Higher education and tackling racial inequalities
How far have we come?
As we mark the 30th anniversary of Black History Month in the UK, Equality Challenge Unit (ECU) is reflecting on the progress higher education has made in tackling racial inequalities, and how to achieve greater equality in the next 30 years.
We spoke to Professor Aneez Esmail, Professor of General Practice and race equality advocate at the University of Manchester about this.
How far have we come?
According to Professor Esmail it is undeniable that we have made progress within higher education:
‘I have been working in academia for 25 years and there’s no doubt that progress has been made. If I look at the number of black professors who are appointed, the numbers have gone up. There are many more black people appearing in the media – historians, professors and more. So clearly progress has been made.’
However, he reminds us that this is not sufficient, and notes that we shouldn’t have to wait another 30 years to see more progress.
ECU’s 2016 statistics report highlighted some alarming statistics. For example, only 7.8% of professors are from a black and minority ethnic (BME) background, with 1.6% of professors being BME women and 0.5% of professors being black. 50.8% of black students graduating with a 1st or 2:1 compared to 77.1% of white students.
What will help us going forward?
Professor Esmail recommends these strategies for making impactful and sustainable change:
1.Focus on outcomes
There must be a focus on outcomes and impact, rather than undertaking actions that are not making a difference. ECU’s Race Equality Charter requires institutions to undertake a thorough self-assessment, before creating and implementing an action plan. Universities must also start to evidence the impact of these actions on improving race equality.
2. Using training as a tool as part of a wider strategy
Training has come a long way, moving from a tokenistic approach to training that can deliver transformative experiences. Professor Esmail notes that white privilege and unconscious bias training had an eye-opening effect on the University of Manchester’s senior management team, enabling members to see their privilege for the first time. Training, though, must be combined with a wider strategy for advancing race equality.
Effective leaders of race equality combine knowledge and understanding of race and racism with personal insight into their own position within the construct of race. They are confident in negotiating the barriers that impede progress and creative in developing strategic and practical tools for advancing race equality. They understand the challenges that the work brings and are resilient in tackling them.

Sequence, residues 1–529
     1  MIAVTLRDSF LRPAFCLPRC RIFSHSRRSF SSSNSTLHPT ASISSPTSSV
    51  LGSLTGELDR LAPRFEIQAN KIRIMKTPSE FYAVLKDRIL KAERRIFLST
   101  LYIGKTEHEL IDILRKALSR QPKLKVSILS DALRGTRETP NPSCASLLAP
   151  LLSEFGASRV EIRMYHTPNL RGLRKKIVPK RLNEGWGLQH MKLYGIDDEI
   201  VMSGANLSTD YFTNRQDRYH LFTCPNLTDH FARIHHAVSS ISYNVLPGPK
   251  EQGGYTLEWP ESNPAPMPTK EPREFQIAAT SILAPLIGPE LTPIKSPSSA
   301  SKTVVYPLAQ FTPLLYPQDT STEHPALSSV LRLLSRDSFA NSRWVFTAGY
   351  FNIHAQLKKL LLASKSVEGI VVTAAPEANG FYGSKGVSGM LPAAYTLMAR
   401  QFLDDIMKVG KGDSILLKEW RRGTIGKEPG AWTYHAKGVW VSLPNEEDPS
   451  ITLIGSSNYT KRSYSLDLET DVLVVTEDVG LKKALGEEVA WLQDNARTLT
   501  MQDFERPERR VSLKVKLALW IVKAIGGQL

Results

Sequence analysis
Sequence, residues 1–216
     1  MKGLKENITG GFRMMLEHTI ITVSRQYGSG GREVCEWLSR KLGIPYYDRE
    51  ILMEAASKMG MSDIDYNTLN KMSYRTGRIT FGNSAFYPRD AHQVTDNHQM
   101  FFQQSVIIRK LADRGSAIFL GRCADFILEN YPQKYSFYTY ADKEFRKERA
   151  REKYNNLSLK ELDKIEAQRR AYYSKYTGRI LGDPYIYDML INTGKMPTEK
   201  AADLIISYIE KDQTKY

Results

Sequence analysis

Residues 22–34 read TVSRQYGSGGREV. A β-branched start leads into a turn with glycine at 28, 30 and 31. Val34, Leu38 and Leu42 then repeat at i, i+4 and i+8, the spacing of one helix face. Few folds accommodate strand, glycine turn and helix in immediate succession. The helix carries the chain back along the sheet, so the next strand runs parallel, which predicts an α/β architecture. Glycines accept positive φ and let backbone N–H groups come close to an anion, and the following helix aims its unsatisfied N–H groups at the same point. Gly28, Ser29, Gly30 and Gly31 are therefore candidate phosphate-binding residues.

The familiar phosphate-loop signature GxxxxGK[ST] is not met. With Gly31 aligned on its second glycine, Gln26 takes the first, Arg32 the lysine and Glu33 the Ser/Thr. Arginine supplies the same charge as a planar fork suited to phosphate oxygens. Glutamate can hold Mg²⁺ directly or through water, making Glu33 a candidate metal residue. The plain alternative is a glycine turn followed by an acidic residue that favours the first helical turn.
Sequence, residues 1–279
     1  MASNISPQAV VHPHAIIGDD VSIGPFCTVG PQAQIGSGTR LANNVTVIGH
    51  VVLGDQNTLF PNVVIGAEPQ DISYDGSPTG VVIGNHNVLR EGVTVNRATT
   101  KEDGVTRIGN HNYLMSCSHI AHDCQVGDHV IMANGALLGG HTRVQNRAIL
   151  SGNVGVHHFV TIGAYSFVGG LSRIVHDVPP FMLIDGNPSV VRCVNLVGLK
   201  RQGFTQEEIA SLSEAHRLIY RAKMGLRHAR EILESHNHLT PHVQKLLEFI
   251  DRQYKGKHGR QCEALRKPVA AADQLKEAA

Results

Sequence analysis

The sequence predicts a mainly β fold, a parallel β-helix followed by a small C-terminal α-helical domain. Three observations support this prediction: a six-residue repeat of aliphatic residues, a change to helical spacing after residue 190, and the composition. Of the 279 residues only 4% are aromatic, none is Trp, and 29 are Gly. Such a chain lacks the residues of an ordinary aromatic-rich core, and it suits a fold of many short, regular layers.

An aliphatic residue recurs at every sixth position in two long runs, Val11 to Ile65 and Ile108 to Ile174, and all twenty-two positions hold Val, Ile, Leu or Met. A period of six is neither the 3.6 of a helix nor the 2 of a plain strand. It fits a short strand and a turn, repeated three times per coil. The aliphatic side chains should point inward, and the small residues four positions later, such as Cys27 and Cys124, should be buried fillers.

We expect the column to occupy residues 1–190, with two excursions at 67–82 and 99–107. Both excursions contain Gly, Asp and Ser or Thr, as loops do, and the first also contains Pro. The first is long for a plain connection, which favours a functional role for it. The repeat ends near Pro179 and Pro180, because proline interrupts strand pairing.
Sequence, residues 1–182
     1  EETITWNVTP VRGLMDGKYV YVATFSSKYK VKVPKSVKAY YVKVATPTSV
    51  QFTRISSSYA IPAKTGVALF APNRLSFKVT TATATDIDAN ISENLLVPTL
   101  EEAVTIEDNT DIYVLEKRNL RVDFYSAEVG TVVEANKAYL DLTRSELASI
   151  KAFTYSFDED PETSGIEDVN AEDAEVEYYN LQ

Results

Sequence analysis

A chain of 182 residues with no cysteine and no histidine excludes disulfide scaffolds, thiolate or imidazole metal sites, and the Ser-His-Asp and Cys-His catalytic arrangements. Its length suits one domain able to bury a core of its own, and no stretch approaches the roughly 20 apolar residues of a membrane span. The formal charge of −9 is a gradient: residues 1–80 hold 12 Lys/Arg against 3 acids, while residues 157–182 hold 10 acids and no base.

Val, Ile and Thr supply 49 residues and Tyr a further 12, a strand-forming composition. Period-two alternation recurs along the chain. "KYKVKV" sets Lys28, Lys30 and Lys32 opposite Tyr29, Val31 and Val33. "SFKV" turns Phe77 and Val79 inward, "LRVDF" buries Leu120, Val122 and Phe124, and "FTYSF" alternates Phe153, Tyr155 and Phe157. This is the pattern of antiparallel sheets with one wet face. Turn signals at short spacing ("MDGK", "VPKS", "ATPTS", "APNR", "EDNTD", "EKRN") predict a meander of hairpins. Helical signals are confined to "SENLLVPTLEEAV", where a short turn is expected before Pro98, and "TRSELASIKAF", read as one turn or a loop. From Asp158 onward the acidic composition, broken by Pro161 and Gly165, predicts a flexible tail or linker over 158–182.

ECU offers a new bespoke race equality training course, designed to support individuals who are leading race equality work in their institutions to strengthen their understanding of race equality and develop the skills for effective culture change. It introduces participants to key concepts within the field of race equality with the aim of improving knowledge and understanding about race and racism within a safe and reflective space.
ECU’s training and learning team has delivered training to over 50 institutions across England, Scotland, Wales and Ireland. We offer a wide range of courses that are available to both ECU subscribers and non-subscribers. To book bespoke training, or find out more about the Race Equality Training, email email@example.com
3.Using academic literature
Academic colleagues have been undertaking work and devising strategies for tackling racial inequalities for decades. Those with responsibility for equality, diversity and inclusion should be learning from the work that has already been done, and using this to inform their work.
Follow the Race Equality Charter on Twitter @EcuRaceCharter for the latest information about ECU’s Race Equality Charter. You can also view a thread of exhibitions, events, workshops and talks you can attend during Black History Month 2017.
Equality Charters Adviser